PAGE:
Use the station’s local time in reception reports so that they don’t have any tricky time zone conversions to do. The only exception is if the station is an international broadcaster that has been announcing a different time zone (e.g GMT or UTC) on air. It is often wise to note down the actual time announced in time checks rather than what your watch says since many stations have somewhat inaccurate studio clocks! Send return postage with your letter. Best of all include mint stamps from the station’s country but since this is easier said than done you could send International Reply Coupons which are obtainable from the Post Office. Unfortunately some countries do not accept IRCs for exchange into local postage stamps. For the USA and many other countries you can instead send a US$1 bill since hard currency is often appreciated. Enclose a prepared sticky label with your return address already on it. Write in the station’s natural language unless it is a big international broadcaster with various language departments. The natural language may not be the main language of the country they are in (e.g. Spanish speaking stations located in the USA).

Tip Help the station

Local MW stations don’t need listeners thousands of miles away; certainly they don’t attract more advertising because of this. So if you can help the station with constructive comment on programmes (what you liked and disliked) and on technical quality (eg modulation, audio quality or frequency stability) or by identifying interference, so much the better.

Tip Make your letter stand out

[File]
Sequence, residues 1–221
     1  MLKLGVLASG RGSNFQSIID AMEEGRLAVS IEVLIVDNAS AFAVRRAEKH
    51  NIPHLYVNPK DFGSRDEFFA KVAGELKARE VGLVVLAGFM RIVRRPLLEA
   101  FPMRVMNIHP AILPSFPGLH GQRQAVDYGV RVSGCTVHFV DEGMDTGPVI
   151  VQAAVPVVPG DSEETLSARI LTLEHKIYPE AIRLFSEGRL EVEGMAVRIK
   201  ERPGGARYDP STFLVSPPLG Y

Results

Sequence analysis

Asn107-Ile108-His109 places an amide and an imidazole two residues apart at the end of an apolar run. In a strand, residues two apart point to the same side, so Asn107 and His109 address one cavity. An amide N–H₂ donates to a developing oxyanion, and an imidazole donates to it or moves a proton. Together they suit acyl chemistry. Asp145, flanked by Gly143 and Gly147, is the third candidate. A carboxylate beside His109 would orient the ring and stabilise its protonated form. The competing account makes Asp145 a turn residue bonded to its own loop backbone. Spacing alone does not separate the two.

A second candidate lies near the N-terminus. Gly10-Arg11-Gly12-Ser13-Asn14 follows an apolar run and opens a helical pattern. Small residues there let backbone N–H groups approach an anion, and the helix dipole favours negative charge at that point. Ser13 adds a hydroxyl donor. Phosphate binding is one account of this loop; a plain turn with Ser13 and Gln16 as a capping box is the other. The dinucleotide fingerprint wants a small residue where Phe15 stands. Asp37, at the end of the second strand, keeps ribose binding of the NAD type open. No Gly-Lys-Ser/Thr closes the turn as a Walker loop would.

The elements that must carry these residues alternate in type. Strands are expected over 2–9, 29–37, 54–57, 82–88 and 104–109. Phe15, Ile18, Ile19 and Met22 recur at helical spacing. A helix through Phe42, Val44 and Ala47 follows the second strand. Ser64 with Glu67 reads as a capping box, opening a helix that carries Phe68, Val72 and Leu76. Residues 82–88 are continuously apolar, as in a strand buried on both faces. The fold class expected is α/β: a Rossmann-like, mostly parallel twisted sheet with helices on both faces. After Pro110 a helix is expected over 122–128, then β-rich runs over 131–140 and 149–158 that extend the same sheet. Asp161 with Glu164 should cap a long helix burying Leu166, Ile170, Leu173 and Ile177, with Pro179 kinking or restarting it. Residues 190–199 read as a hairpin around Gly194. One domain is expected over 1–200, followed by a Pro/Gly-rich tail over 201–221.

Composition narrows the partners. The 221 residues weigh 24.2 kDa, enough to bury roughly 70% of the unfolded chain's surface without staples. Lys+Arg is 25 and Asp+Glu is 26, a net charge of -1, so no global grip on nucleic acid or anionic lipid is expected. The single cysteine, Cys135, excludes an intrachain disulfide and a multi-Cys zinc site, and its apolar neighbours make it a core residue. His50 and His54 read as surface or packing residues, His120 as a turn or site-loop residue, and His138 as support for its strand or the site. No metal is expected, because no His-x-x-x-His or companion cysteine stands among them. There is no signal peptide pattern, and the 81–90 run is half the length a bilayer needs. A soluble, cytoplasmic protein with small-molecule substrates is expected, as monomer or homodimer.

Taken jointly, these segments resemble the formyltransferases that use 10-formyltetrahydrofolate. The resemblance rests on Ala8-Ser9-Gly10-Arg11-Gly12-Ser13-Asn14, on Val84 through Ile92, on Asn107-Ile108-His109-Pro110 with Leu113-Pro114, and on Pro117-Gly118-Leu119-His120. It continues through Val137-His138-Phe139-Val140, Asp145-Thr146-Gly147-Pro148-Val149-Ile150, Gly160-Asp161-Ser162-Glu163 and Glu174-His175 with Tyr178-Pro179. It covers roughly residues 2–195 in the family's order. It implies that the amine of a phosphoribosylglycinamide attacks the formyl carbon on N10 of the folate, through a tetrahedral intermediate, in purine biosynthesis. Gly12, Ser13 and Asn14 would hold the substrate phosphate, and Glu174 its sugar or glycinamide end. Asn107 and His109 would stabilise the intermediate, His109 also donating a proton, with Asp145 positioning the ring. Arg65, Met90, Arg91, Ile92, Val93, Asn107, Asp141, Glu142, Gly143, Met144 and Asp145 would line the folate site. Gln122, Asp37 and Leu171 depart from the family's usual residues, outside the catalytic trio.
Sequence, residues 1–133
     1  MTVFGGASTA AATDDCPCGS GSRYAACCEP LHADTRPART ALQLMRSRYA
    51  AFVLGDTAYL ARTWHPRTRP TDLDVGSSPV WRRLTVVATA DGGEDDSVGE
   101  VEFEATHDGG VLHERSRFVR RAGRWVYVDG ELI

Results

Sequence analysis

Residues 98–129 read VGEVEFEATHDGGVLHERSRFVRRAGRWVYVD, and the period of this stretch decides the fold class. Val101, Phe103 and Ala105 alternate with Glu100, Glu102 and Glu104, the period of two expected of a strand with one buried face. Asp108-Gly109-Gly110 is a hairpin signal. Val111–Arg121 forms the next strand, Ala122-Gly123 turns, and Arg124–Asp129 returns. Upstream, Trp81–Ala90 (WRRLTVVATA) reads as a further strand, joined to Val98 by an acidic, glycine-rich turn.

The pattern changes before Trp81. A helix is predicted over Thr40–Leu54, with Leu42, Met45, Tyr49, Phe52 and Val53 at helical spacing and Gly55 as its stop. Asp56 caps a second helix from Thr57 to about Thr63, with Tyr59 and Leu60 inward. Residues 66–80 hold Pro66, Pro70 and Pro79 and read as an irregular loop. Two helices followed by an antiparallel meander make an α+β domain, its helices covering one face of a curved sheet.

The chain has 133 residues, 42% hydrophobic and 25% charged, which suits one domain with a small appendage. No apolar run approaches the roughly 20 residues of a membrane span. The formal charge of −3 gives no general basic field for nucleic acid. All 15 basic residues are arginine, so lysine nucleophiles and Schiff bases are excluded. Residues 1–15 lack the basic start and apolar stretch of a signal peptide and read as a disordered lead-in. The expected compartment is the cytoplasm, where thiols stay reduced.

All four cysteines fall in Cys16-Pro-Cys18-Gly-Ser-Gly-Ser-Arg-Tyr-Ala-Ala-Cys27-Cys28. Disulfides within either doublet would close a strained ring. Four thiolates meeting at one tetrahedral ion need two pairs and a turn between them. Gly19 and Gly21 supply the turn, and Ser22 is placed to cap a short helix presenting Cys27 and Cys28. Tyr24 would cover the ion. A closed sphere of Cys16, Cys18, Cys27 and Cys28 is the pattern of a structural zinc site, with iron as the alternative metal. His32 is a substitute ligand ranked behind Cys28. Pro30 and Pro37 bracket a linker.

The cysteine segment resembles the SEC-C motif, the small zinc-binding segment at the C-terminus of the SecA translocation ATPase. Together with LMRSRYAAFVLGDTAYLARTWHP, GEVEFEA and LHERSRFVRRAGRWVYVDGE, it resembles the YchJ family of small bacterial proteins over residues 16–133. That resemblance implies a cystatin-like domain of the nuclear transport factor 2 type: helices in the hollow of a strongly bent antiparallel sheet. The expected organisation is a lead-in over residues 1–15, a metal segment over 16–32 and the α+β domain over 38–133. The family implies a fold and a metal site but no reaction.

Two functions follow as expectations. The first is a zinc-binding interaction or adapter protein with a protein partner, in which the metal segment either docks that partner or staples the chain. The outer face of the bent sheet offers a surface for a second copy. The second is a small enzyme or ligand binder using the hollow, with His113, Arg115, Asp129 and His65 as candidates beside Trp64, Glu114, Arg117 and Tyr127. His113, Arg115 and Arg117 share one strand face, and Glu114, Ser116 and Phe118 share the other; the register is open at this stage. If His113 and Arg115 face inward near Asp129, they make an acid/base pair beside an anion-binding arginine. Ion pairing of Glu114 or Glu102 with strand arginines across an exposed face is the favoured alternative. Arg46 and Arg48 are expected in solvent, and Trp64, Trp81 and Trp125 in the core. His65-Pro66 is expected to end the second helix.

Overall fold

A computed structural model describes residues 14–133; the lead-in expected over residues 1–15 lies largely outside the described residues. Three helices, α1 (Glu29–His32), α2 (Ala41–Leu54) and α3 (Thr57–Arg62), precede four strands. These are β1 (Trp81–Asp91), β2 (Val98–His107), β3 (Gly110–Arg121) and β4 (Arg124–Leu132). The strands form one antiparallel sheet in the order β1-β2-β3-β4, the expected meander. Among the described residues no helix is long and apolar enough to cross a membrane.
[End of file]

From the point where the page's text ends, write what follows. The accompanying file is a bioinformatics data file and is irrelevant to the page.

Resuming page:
BE POLITE and request a QSL card – never demand one. Introduce yourself and your location; maybe include a local picture postcard or some stickers from your local radio stations. Use commemorative or unusual stamps on the envelope; there maybe a philatelist at the station. Unfortunately in some parts of the world this might also make your letter attractive to thieving hands in the postal system. Give a realistic and detailed decription of reception conditions in words that are not too technical (remember it’s not always the engineer reading your letter). Never use SINPO style codes on their own. If you follow some or all of these tips you should not only increase your chances of getting a reply from a station but you will help contribute to good relations between DXers and broadcasters. Finally, if you receive a reply from a station it is an often over-looked basic courtesy to thank them. It is simple and quick (and not too expensive) to send a postcard direct to whoever wrote from the station letting them know that their letter arrived safely and thanking them for their trouble. Research during a Radio Netherlands Media Network edition revealed that very few bother to say ‘thanks’, and yet it makes all the difference.